And perhaps one of the biggest lessons from Covid-19.
All of the above are essential services, with immense value-add, and robust . When the sh1te hits the fan, the gig economy, and non-essential services break down.

Interesting times.

SD

What this says to me is that if you have pipe already, it will become increasingly valuable.  The repercussions for future supply are interesting to say the least. 

SA, And to a lessor degree the other large Mideast countries are going to be facing revolution if the oil price stays down for very long.  We saw what happened to Libya’s and Venezuela’s supplies when governments become unstable.  Simultaneously we have a virtual elimination of long tail projects by every major player in the world. 

The outcome is likely toppled regimes, and a massive price bounce back, down the road.  It may become more like railroads, with very few players making a lot of money. 

We could speed up the rebalance really quick by turning the gulf fields into glass.  China may take exception but I sure Moscow would be on board.

Existing pipe will behave, on pain on nationalization. Keep renewing the social license, or lose it.
Most long-tail projects are now stranded, but regimes will continue to produce as they need the FX. Without tariffs, others will shut-in.
Agreed, regime change in most places unless they can collectively raise price, and keep the price up.

Game changers
Covid-19 demand destruction is enough to permanently shut-in sizeable global production.
Global agreement to lock up the global inventory, then bleed it out slowly.
Post Covid, demand rises, supply remains constrained, and price rises to some set-point [USD 62/bbl?]
Thereafter all incremental demand supplied from inventory.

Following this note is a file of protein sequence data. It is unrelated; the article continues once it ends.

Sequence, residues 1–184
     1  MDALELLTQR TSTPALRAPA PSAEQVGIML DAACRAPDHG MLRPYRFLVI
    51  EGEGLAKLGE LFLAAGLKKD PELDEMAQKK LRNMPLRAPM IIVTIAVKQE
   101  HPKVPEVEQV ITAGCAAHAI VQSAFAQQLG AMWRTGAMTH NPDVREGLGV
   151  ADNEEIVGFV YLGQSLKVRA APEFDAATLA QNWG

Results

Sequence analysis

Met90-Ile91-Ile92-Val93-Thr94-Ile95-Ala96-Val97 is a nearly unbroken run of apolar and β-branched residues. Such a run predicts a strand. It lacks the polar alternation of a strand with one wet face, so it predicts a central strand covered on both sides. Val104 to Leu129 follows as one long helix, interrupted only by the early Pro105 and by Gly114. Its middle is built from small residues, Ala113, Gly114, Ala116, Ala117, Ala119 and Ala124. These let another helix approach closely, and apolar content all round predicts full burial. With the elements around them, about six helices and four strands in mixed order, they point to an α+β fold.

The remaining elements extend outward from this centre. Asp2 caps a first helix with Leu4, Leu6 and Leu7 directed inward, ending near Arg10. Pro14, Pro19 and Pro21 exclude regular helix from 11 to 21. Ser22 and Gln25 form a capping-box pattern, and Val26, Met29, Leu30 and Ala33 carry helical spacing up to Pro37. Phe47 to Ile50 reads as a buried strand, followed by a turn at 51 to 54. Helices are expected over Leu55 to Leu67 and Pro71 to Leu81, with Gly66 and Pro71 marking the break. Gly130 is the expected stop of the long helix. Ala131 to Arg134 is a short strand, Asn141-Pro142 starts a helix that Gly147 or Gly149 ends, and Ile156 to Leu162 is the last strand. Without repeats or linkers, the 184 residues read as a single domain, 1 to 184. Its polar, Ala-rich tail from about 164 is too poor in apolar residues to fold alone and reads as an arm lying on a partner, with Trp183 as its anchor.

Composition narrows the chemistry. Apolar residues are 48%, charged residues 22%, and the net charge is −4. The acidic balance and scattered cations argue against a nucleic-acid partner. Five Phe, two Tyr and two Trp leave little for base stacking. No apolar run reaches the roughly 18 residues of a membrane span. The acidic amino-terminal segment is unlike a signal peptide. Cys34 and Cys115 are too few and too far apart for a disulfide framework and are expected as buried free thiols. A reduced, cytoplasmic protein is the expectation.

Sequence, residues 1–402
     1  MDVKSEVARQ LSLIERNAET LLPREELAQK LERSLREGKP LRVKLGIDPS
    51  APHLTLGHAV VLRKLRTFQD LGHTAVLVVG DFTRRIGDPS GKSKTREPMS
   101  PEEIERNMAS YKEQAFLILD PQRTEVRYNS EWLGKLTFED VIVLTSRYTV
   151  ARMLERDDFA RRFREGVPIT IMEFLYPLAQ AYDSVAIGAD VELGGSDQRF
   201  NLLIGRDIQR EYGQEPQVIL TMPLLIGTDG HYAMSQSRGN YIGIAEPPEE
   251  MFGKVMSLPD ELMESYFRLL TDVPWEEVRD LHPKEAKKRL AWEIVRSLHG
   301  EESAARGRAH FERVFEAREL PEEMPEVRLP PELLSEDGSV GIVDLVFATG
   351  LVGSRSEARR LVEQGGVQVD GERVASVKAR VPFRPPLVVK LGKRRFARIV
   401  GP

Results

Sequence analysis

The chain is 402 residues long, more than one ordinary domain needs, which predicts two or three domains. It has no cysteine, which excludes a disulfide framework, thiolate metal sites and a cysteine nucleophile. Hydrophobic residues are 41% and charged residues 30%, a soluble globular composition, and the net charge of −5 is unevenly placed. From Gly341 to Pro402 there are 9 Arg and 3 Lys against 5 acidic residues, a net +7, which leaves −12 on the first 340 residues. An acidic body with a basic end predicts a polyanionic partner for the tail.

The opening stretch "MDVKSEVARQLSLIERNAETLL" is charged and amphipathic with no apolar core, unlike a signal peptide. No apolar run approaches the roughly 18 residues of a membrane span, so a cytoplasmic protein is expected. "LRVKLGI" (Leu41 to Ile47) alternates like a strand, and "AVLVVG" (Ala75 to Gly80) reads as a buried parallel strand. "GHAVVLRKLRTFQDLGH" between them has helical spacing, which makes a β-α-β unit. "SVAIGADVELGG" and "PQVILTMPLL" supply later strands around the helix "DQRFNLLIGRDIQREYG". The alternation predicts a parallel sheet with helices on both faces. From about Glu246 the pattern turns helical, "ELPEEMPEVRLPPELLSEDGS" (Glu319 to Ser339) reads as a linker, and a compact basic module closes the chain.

Stability for a long while.

SD



TwoCitiesCapital

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Re: Energy Sector
« Reply #428 on: April 22, 2020, 12:00:47 PM »
USO will have 8 to 1 reverse split on April 28th.
How will this affect puts and calls?

It's my understanding the number of shares underlying each option contract will change to adjust the new share ratio  (i.e. 12.5 shares instead of 100).

So both your strikes and underlying # of shares per contract get adjusted, but you will own the same number of contracts.

BG2008

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Re: Energy Sector
« Reply #429 on: April 22, 2020, 06:40:18 PM »
Trudeau and pretty much the rest of Canada (outside of Alberta and Saskatchewan) has moved on from oil. Oil is so hated my guess is completing the pipeline projects will be difficult; more massive protests with many groups doing everything they can to stop it. Meanwhile, the economy is falling off a cliff. But the government is cutting everyone a check so who cares about being ‘unemployed’ or if we have a shitty economy.

Agreed, times have changed, but they have also made a national energy policy more of a necessity than it has ever been.
Lack of money, has a wonderful way of concentrating the minds of everyone,

Like it or not, there will be climate driven constraints, but it can be done intelligently (ie: orphan well clean-up)

The Supreme Court has ruled there is 'duty to consult', not a 'duty to agree'. A sick community cannot veto a pipeline, because it cannot make a decision. The obvious industry 'consultors', are the governments of the day, under a national energy policy.

There will be quasi-privatization. Crown corporation in-ground SPR, pipeline company, oil company, rail (oil/grain car) fleet, tanker (nfld) fleet, supply-chain (medical, food) infrastructure, etc. Most likely as oiligarch, crown corp and 1-2 private corps.

And perhaps one of the biggest lessons from Covid-19.
All of the above are essential services, with immense value-add, and robust . When the sh1te hits the fan, the gig economy, and non-essential services break down.

Interesting times.

SD

What this says to me is that if you have pipe already, it will become increasingly valuable.  The repercussions for future supply are interesting to say the least. 

SA, And to a lessor degree the other large Mideast countries are going to be facing revolution if the oil price stays down for very long.  We saw what happened to Libya’s and Venezuela’s supplies when governments become unstable.  Simultaneously we have a virtual elimination of long tail projects by every major player in the world. 

The outcome is likely toppled regimes, and a massive price bounce back, down the road.  It may become more like railroads, with very few players making a lot of money. 

We could speed up the rebalance really quick by turning the gulf fields into glass.  China may take exception but I sure Moscow would be on board.

Are you saying to Nuke the oil fields in the middle east?